The island is a site for rituals – it is called a Shinto Kami. This term refers to an ancient Japanese religion focusing on methodical ritual. Okinsohima is home to the Okitsu shrine built in the 17th century. This is a place to pray for the safety of sailors. Moreover, during the 4th and 9th centuries, successful exchanges took place amongst the Koreans and the Chinese. Before any visitor (i.e. any man) enters the island they need to take their clothes off and undergo a cleansing ritual. Once a visitor leaves, they cannot take any souvenirs or disclose any details of their visit.
The priests that live on island strongly enforce the no-female ban. They do not have a clear reason for this. The Japan Times believes that it might revolve around the common hatred around menstruation! “Shinto treats blood as an impurity.”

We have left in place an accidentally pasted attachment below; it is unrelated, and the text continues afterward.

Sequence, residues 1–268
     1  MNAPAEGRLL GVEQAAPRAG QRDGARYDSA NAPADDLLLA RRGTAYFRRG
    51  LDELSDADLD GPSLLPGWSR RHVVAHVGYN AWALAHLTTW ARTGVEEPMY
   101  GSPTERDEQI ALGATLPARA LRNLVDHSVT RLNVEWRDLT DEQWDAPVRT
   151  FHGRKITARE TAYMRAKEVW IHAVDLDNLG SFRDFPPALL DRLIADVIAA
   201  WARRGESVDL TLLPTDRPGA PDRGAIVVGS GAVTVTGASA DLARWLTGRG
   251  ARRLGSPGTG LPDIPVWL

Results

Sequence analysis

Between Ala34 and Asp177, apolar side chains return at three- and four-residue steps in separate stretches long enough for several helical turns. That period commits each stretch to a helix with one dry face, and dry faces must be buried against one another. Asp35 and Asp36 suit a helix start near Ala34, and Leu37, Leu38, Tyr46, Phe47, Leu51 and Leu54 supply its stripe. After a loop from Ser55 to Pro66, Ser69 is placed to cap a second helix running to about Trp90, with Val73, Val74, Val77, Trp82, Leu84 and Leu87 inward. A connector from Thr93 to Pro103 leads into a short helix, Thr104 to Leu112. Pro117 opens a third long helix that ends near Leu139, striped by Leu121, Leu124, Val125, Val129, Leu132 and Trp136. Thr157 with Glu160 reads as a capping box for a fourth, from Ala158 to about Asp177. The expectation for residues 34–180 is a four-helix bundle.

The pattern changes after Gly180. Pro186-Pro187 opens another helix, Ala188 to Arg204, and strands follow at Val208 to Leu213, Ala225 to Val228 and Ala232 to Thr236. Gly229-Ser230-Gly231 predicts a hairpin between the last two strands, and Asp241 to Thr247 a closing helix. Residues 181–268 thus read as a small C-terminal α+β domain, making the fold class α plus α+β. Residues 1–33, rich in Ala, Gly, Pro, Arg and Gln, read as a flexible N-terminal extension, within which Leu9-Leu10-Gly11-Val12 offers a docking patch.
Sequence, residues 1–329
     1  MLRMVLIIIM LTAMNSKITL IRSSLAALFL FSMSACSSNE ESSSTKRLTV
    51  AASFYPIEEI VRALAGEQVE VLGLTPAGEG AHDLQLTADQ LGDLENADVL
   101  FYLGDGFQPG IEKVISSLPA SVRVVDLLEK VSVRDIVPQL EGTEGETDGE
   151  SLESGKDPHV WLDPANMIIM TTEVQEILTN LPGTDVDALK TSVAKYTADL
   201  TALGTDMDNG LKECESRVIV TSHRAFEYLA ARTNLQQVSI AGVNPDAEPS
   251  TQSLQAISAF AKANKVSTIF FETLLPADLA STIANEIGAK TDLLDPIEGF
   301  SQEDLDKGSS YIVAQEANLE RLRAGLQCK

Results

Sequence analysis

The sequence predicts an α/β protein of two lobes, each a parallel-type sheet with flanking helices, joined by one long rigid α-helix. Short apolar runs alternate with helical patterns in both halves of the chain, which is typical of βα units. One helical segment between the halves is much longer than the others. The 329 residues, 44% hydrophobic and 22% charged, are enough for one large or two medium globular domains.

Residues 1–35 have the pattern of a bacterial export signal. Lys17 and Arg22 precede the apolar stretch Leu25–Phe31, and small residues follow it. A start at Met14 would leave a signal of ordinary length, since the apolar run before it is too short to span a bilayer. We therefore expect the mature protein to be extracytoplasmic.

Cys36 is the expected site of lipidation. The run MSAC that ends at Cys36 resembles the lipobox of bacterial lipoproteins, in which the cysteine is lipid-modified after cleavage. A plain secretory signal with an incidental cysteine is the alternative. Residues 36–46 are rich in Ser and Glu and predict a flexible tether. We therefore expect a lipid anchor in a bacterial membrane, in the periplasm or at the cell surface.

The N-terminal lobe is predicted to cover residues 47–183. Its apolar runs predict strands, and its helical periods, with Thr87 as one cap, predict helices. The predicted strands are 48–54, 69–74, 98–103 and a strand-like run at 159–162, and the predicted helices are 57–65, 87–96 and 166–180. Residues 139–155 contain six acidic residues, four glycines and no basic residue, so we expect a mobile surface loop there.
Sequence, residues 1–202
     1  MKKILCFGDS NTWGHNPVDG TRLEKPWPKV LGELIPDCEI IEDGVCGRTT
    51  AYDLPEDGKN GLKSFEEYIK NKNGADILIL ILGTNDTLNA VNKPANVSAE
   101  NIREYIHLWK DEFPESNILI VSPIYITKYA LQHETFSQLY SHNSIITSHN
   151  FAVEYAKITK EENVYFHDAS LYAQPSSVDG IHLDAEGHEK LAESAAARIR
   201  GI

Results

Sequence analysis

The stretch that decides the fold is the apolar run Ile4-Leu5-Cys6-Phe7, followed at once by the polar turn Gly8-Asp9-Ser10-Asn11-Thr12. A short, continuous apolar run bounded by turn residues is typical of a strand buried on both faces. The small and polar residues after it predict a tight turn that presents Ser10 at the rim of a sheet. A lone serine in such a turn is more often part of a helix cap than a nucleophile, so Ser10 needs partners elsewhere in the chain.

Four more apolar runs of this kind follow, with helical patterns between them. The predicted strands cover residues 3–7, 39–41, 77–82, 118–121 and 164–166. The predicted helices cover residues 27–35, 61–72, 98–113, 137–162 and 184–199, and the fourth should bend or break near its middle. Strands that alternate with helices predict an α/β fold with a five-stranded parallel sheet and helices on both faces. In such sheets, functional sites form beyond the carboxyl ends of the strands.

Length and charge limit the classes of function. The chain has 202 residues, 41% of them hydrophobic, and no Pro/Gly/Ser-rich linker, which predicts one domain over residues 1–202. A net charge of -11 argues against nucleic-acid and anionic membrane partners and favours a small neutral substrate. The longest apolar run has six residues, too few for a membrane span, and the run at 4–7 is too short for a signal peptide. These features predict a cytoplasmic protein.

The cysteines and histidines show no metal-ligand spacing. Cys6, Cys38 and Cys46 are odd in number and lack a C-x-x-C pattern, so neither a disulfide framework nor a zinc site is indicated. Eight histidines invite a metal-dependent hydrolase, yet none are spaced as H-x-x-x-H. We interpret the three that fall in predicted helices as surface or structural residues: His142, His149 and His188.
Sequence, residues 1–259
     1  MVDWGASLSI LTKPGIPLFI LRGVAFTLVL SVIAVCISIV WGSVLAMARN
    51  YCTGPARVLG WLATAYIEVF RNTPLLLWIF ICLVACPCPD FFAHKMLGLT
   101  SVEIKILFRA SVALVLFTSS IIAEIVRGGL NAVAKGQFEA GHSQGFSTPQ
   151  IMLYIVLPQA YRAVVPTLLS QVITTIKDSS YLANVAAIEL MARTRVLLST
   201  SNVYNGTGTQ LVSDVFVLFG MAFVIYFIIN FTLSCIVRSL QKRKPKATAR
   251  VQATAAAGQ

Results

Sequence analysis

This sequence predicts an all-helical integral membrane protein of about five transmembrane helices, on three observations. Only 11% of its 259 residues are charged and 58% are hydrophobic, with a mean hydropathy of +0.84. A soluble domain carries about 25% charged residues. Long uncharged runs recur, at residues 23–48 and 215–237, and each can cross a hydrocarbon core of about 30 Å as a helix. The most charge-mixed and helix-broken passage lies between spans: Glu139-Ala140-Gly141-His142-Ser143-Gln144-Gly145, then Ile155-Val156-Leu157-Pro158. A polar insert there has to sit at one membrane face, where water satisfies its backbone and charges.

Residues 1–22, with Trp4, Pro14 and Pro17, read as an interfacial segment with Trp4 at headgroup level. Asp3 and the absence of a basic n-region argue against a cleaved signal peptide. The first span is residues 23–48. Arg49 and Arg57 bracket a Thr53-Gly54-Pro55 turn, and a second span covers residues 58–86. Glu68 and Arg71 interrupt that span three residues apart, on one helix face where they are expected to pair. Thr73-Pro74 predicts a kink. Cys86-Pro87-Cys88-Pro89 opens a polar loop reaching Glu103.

Another theory revolves around females as delicate creatures that need to be cared for. The trip to the island used to be dangerous so females had to stay at home and nurture their reproductory systems.
The heritage listing could catch tourist eyes and thereby emphasise the deep seated misogyny!
There has been opposition to Okinoshima’s ban, including one from a Hindu group last year that asked UNESCO to deny the island its status.
Despite these complaints, the island’s officials have been adamant about their ban.
“Our stance will remain unchanged even if it’s registered in the World Heritage List,” a Munakata Taisha official told the Mainichi Daily. Similarly, the chief priest of the Munakata Grand Shrine stated that Okinoshima is not for the general public and “people shouldn’t visit out of curiosity.”